Journal of Medicine and Philosophy 24 (4):365 – 375 (1999)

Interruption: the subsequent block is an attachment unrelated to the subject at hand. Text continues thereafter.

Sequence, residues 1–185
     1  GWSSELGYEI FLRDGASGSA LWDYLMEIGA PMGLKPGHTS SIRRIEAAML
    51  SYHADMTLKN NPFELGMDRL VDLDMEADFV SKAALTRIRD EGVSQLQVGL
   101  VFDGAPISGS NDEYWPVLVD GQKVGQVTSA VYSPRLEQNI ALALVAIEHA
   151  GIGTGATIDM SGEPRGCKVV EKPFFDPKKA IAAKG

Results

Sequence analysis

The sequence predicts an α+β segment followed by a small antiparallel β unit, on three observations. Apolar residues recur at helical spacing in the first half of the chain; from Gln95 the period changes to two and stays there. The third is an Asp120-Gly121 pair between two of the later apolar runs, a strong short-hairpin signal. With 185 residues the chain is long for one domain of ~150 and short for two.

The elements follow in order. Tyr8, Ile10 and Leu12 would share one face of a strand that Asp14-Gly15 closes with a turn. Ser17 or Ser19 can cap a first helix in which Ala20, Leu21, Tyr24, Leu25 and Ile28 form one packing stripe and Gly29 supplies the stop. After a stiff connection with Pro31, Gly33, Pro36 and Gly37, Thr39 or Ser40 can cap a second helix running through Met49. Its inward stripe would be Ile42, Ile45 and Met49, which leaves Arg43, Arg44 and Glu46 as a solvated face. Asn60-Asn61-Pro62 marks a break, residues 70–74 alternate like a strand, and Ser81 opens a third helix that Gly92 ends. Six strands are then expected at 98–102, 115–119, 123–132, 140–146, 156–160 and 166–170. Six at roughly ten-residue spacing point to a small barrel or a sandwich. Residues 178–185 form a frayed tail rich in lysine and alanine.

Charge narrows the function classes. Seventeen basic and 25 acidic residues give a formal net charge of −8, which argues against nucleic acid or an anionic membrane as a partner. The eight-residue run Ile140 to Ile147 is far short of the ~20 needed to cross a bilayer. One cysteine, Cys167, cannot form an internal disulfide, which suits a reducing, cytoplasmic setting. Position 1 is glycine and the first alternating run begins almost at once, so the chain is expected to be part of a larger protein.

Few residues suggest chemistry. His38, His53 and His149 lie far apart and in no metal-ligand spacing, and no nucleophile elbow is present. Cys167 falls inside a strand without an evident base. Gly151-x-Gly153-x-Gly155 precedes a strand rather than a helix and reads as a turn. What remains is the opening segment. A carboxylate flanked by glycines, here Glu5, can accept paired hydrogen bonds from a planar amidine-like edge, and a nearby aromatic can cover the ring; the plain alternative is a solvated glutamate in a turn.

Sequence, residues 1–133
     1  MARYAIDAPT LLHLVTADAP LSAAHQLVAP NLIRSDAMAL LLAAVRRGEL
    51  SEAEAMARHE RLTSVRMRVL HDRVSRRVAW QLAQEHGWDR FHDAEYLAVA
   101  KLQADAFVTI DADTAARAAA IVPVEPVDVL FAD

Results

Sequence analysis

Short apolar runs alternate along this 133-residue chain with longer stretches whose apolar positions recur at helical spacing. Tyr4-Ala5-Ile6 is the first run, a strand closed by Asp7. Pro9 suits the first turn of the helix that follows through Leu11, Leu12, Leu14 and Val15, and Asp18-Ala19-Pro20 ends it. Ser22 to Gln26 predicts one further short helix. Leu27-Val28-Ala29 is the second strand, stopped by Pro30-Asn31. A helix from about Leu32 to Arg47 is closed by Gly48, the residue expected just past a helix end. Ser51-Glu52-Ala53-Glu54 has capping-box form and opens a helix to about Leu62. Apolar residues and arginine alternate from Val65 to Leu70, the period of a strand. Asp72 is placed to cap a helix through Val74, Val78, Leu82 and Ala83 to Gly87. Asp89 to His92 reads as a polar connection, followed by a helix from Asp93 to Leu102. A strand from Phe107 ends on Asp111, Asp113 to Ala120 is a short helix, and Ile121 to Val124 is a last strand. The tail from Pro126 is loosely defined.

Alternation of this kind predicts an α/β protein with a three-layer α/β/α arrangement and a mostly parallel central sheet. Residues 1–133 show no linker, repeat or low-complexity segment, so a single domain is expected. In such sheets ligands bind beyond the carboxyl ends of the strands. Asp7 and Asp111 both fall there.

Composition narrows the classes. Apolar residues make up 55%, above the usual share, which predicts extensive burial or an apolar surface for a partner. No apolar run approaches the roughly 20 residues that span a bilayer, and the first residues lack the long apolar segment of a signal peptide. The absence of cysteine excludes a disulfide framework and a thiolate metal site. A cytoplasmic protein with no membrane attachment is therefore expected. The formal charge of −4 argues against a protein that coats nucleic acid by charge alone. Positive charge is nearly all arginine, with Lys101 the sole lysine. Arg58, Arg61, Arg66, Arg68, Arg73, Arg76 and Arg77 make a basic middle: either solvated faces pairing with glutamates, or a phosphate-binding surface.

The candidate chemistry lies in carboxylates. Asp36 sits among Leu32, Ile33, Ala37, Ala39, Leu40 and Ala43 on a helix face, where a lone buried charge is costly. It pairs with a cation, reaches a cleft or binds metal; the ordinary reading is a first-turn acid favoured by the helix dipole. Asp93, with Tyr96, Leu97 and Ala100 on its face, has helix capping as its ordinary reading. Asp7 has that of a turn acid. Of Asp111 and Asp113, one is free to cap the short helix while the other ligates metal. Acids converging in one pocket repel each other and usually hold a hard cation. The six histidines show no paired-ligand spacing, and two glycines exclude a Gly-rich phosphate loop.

Assessing the normative status of concepts of health and disease involves one in questions regarding the relationship between fact and value. Some have argued that Christopher Boorse's conception of health and disease lacks such a valuational element because it cannot account for types of harms which, while disvalued, do not have evolutionarily dysfunctional consequences. I take Boorse's account and incorporate some Humean-like sociobiological assumptions in order to respond to this challenge. The possession of moral sentiments, I argue, offers an evolutionary advantage (thus falling within Boorse's definition of normal functional abilities). However, this does not amount to emotivism: on the contrary, these sentiments can be the basis of a value system. This value structure introduces the concept of sympathizing with a fellow being's suffering as the basis of a normative dimension to disease. For example, it holds the disvalue of disease to lie in the fact that disease involves suffering and functional limitations.The naturalistic Humean type of account presented here thus jumps the normative-descriptive divide. When Boorse's account is extended to include social sentiments and behaviors, a conception of health emerges which is broader than Boorse's or Kass's, but narrower than the WHO's.
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